After receiving a blessing from the U.S. Education Department, the company, which has no experience teaching, is set to oversee campuses serving nearly 40,000 students.
But critics say the department should have just closed the Corinthian campuses, which have been criticized for saddling students with debt they can’t repay. If the campuses had been closed, borrowers would have been eligible for a discharge of their federal loans.
On Tuesday, a group of 13 Senate Democrats, led by Warren, sent a letter urging the Department of Education to at least discharge the loans of former Corinthian students who are battling the company in court.
Corinthian is facing dozens of lawsuits from students and state attorneys general in Massachusetts and California for allegedly using deceptive marketing to lure students into taking out loans they had no hope of paying back.
The Education Department has also accused the company of misrepresenting graduation and job placement rates to the government.
“When students take on loans to pay for college,” the senators wrote in the letter, “they are making a serious financial decision that will affect them for years to come…If colleges fail to hold up their end of the bargain — if they break the law in ways that bear on their students’ educational experience or finances — students should not literally be stuck paying the price.”
The Democrats say the department has broad authority to cancel federal student loans when colleges violate students’ rights and state law, yet the agency has failed to weigh in on the fate of former Corinthian students.
Department of Education spokeswoman Denise Horn did not address the demands made in the letter, but said the agency appreciates “the senators’ concerns for the welfare of Corinthian students” and would continue “to work on behalf of students’ best interest.”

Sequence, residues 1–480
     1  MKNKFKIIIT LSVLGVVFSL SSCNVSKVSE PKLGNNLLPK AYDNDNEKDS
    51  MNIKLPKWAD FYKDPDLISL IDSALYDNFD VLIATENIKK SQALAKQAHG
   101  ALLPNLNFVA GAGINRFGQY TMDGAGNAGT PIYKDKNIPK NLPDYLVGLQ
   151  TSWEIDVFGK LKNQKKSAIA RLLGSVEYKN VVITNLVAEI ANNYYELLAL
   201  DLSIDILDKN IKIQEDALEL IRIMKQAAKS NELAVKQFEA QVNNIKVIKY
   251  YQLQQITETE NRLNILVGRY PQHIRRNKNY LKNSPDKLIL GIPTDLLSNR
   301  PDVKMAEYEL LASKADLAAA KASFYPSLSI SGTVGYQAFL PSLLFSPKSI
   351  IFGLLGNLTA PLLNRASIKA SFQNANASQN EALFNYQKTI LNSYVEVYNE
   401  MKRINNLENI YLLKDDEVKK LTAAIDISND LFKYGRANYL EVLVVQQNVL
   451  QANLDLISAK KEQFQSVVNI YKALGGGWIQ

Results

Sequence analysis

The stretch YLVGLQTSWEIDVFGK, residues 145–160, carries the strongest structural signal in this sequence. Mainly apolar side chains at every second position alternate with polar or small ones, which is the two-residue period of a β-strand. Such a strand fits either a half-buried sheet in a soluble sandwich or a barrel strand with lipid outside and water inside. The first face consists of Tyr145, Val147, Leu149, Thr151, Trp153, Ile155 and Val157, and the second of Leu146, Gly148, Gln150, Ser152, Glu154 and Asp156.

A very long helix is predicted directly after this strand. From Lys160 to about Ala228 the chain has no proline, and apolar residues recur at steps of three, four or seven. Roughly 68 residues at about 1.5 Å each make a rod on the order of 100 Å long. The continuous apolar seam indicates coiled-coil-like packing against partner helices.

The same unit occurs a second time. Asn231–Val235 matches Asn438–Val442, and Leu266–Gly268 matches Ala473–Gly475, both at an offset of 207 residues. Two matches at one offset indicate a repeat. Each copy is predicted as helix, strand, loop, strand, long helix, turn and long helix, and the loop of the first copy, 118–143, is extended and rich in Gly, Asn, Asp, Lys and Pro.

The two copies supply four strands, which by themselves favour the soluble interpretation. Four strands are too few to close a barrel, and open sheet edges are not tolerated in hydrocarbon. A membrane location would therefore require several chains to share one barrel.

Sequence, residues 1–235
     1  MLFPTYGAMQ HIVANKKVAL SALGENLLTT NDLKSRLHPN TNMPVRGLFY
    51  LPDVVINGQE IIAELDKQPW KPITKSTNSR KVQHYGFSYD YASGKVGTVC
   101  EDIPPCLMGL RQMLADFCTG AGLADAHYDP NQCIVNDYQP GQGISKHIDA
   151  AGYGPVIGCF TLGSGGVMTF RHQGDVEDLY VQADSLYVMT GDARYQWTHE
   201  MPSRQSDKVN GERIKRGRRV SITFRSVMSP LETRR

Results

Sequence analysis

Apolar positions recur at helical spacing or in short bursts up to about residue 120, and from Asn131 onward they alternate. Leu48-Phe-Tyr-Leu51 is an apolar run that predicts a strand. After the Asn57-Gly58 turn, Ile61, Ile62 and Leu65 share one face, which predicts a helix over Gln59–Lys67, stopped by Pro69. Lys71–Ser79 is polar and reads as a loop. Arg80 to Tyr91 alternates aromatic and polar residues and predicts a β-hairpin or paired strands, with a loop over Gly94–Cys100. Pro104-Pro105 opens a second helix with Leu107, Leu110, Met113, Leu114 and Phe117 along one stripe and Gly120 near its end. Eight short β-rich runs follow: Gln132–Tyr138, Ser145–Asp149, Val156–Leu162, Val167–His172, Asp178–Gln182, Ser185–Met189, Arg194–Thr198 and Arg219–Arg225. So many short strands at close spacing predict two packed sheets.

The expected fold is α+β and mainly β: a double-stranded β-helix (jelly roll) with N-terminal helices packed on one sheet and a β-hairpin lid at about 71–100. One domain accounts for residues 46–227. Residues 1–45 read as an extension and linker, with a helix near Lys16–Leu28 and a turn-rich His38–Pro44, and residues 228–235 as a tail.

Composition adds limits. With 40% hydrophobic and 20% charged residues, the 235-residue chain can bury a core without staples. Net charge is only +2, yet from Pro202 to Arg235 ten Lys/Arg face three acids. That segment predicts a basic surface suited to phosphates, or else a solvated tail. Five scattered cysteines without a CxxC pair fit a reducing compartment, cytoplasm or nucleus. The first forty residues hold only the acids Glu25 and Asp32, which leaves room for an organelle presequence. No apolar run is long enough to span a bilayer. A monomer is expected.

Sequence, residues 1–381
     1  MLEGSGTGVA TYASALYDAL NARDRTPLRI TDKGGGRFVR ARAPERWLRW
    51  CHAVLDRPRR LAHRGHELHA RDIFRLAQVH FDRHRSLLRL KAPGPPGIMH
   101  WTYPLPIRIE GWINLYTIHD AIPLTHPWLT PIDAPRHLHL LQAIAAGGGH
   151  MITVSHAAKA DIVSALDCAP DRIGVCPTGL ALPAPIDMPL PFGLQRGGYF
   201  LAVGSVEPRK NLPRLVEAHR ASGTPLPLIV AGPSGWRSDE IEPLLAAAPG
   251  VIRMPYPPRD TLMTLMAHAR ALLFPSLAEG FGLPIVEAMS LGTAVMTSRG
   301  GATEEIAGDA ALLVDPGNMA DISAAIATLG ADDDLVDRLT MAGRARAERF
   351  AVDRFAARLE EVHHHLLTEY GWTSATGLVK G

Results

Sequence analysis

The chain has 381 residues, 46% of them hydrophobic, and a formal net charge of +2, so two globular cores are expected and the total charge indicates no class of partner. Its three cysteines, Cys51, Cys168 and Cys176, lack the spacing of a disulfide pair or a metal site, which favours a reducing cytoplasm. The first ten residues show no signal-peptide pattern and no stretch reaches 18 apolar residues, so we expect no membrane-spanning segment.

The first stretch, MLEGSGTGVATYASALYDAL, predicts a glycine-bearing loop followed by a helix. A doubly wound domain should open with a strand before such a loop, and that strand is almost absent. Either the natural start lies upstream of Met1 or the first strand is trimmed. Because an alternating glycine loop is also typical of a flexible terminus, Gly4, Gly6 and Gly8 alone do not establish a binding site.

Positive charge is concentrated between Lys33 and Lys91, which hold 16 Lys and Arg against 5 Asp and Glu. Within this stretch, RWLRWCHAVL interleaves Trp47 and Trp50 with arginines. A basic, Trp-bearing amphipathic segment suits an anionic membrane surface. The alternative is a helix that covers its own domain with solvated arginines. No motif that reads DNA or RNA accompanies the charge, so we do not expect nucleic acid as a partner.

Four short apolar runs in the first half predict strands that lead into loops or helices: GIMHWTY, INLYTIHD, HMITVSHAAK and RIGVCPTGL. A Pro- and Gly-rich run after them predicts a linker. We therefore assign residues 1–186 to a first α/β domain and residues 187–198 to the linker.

Corinthian, which operates Everest Institute, Wyotech and Heald College, has become the poster child for the worst practices in the for-profit education sector, including high loan defaults and dubious programs.
Problems at the California-based company came to light four years ago in a Government Accountability Office report that identified Corinthian as one of 15 for-profit colleges where recruiters encouraged students to commit fraud on financial aid applications. Evidence of impropriety at Corinthian continued to surface through litigation and state probes, though the government kept funneling $1.4 billion in federal financial aid to the company every year.
In September, Corinthian ran afoul of the Consumer Financial Protection Bureau, which accused it of steering thousands of students into private loans, known as “Genesis loans,” that had interest rates as high as 15 percent. The consumer watchdog said that Corinthian set its tuition and fees for bachelor’s degrees at $60,000 to $75,000 to force students to borrow from the program and that Corinthian then received a slice of the lender’s fees. CFPB is suing Corinthian for $500 million.
When the CFPB lawsuit was announced, officials at Corinthian “strongly” disputed the allegations. The company has long maintained that it has been quick to fix any problems that are brought to its attention.
As part of the ECMC transaction, many of the loans in the Genesis program will be forgiven. But thousands of students struggling with federal debt will not see any help, unless the Democrats are successful in their bid to get the Education Department to offer some relief.